\overload

    Divides both x and y by the given \a divisor, and returns a reference to this
    point. For example:

    \code
        QPoint p(-3, 10);
        p /= 2.5;           // p becomes (-1, 4)
    \endcode

    Note that the result is rounded to the nearest integer as points are held as
    integers. Use QPointF for floating point accuracy.

    \sa operator*=()
*/

/*!
    \fn const QPoint operator/(const QPoint &point, qreal divisor)
    \relates QPoint

    Returns the QPoint formed by dividing both components of the given \a point
    by the given \a divisor.

    Note that the result is rounded to the nearest integer as points are held as
    integers. Use QPointF for floating point accuracy.

    \sa QPoint::operator/=()
*/

/*****************************************************************************
  QPoint stream functions
 *****************************************************************************/
#ifndef QT_NO_DATASTREAM
/*!
    \fn QDataStream &operator<<(QDataStream &stream, const QPoint &point)
    \relates QPoint

    Writes the given \a point to the given \a stream and returns a
    reference to the stream.

    \sa {Format of the QDataStream Operators}
*/

00319 QDataStream &operator<<(QDataStream &s, const QPoint &p)
{
    if (s.version() == 1)
        s << (qint16)p.x() << (qint16)p.y();
    else
        s << (qint32)p.x() << (qint32)p.y();
    return s;
}

/*!
    \fn QDataStream &operator>>(QDataStream &stream, QPoint &point)
    \relates QPoint

    Reads a point from the given \a stream into the given \a point
    and returns a reference to the stream.

    \sa {Format of the QDataStream Operators}
*/

00338 QDataStream &operator>>(QDataStream &s, QPoint &p)
{
    if (s.version() == 1) {
        qint16 x, y;
        s >> x;  p.rx() = x;
        s >> y;  p.ry() = y;
    }
    else {
        qint32 x, y;
        s >> x;  p.rx() = x;
        s >> y;  p.ry() = y;
    }
    return s;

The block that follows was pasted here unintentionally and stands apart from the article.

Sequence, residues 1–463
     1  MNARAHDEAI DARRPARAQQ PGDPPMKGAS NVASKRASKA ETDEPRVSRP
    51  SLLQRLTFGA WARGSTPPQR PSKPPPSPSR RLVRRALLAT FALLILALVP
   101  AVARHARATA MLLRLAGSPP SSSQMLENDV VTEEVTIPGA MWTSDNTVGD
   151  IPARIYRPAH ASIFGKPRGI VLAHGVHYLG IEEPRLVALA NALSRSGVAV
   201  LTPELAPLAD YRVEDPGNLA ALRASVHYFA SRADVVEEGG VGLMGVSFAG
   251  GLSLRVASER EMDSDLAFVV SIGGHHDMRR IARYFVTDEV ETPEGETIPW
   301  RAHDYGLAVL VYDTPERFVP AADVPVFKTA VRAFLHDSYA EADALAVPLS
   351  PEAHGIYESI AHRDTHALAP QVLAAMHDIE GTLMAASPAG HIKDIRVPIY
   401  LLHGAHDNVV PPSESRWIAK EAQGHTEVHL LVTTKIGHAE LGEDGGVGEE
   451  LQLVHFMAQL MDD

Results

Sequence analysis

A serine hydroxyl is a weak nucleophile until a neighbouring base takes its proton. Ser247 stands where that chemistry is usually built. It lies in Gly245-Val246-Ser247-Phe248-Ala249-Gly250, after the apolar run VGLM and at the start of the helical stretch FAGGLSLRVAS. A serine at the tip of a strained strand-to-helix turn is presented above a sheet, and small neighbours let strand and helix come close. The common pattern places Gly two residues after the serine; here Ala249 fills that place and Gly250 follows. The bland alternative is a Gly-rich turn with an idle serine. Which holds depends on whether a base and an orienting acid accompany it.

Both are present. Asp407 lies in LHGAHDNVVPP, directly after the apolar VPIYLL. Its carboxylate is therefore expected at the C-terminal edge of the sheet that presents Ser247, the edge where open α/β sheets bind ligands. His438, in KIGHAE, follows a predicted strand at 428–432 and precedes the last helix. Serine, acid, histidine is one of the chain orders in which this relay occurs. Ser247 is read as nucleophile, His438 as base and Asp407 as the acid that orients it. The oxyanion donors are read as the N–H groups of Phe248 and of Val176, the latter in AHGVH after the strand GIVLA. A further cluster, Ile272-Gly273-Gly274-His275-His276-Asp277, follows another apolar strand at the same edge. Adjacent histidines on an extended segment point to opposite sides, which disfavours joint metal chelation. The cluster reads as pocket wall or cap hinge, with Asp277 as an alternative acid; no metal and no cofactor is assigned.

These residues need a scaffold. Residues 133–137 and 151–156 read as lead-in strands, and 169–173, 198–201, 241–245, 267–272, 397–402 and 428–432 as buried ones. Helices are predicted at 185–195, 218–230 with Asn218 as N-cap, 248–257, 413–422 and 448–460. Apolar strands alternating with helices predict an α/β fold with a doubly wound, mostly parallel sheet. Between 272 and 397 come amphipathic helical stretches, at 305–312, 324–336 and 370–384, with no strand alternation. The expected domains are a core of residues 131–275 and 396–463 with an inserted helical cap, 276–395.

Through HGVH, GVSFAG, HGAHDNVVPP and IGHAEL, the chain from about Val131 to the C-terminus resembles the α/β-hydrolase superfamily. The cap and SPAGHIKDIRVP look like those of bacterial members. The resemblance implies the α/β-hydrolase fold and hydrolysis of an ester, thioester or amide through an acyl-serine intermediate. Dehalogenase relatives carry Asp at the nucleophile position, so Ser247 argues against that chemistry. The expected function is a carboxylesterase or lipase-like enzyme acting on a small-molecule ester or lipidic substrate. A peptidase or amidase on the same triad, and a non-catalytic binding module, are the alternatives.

}

#endif // QT_NO_DATASTREAM
/*!
    Returns the sum of the absolute values of x() and y(),
    traditionally known as the "Manhattan length" of the vector from
    the origin to the point. For example:

    \code
        QPoint oldPosition;

        MyWidget::mouseMoveEvent(QMouseEvent *event)
        {
            QPoint point = event->pos() - oldPosition;
            if (point.manhattanLength() > 3)
                // the mouse has moved more than 3 pixels since the oldPosition
        }
    \endcode

    This is a useful, and quick to calculate, approximation to the
    true length:

    \code
        int trueManhattenLength = sqrt(pow(x(), 2) + pow(y(), 2));
    \endcode

    The tradition of "Manhattan length" arises because such distances
    apply to travelers who can only travel on a rectangular grid, like
    the streets of Manhattan.
*/
00381 int QPoint::manhattanLength() const
{
    return qAbs(x())+qAbs(y());
}

#ifndef QT_NO_DEBUG_STREAM
QDebug operator<<(QDebug dbg, const QPoint &p) {
    dbg.nospace() << "QPoint(" << p.x() << ',' << p.y() << ')';
    return dbg.space();
}

QDebug operator<<(QDebug d, const QPointF &p)
{
    d << "QPointF(" << p.x() << ", " << p.y() << ")";
    return d;
}
#endif

/*!
    \class QPointF
    \ingroup multimedia

    \brief The QPointF class defines a point in the plane using
    floating point precision.

    A point is specified by a x coordinate and an y coordinate which